Viscosity is directly related to the mobility and quality of hydrocarbons in reservoirs, and its distribution is commonly heterogeneous. Therefore, viscosity has a great impact on the exploitation of heavy oil and bitumen reservoirs. Previous studies showed that viscosity measurements are problematic and are often inconsistent mainly because of the challenges of sample preparation and lack of a standard procedure for measuring viscosity in the oil and gas industry. This study aims to improve the characterization of reservoir viscosity by understanding the rheological properties of bitumen using bitumen samples from the Upper Devonian Grosmont reservoir, Alberta, Canada.
This study shows that Grosmont bitumen is essentially a non-Newtonian fluid, exhibiting a distinctive shear-thinning behavior at low temperatures of less than 40°C. With increasing temperature, however, the bitumen changes from a non-Newtonian fluid to a Newtonian fluid. At low temperatures, the viscosity variations can be divided into four stages. A standard viscosity called “zero-shear viscosity” is obtained from the viscosity variations and can be used throughout the reservoir as characteristic viscosity for Grosmont bitumen.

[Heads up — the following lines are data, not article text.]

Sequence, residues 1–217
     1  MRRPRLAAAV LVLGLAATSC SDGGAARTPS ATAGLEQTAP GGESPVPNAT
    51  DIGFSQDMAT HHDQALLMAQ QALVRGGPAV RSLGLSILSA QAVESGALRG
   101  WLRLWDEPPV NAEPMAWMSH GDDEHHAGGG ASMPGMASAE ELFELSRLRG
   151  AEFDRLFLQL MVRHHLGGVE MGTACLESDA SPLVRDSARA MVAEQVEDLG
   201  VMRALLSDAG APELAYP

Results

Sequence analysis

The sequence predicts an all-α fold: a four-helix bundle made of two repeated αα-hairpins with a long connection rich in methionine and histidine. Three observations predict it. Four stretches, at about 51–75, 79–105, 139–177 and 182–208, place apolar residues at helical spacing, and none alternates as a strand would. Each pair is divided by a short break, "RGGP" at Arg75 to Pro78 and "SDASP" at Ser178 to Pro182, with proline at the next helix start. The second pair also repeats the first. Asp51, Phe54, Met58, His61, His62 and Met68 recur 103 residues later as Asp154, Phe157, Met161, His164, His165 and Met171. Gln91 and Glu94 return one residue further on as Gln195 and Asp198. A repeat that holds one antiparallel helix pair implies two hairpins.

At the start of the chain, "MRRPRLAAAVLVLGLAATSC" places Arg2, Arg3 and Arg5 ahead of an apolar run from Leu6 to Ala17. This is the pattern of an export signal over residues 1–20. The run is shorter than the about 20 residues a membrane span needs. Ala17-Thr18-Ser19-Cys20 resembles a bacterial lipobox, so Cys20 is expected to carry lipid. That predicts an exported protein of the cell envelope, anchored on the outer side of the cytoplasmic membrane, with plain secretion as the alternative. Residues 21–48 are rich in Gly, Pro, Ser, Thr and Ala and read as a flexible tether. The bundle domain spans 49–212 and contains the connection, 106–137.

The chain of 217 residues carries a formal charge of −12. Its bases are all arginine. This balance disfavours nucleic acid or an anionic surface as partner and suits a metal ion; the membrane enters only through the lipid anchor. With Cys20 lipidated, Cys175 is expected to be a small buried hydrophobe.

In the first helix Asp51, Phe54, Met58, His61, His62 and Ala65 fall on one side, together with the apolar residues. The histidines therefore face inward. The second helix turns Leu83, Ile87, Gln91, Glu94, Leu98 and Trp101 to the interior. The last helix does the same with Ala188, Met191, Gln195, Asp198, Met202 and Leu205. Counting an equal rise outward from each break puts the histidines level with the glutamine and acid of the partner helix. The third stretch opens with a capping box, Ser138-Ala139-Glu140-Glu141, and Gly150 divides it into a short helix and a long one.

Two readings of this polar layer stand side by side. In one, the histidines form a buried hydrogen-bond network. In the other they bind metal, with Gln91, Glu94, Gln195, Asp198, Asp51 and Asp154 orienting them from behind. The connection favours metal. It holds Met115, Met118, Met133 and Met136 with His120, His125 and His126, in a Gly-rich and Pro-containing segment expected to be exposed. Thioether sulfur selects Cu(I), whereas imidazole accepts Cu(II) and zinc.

The viscosity distribution in the Grosmont reservoir is complex and appears to be stratigraphically related. Bitumen samples from formation boundaries tend to have higher viscosities, suggesting more severe biodegradation at these locations. Possible causes for the observed patterns in the Grosmont include (1) oil-water contacts migrating up and down over time; (2) oil migration and/or biodegradation controlled by aquitards that divide the reservoir into hydrostratigraphically separated units; and (3) differences in microbial activity, that is, aerobic versus anaerobic, possibly controlled by the level of oxygenation over time.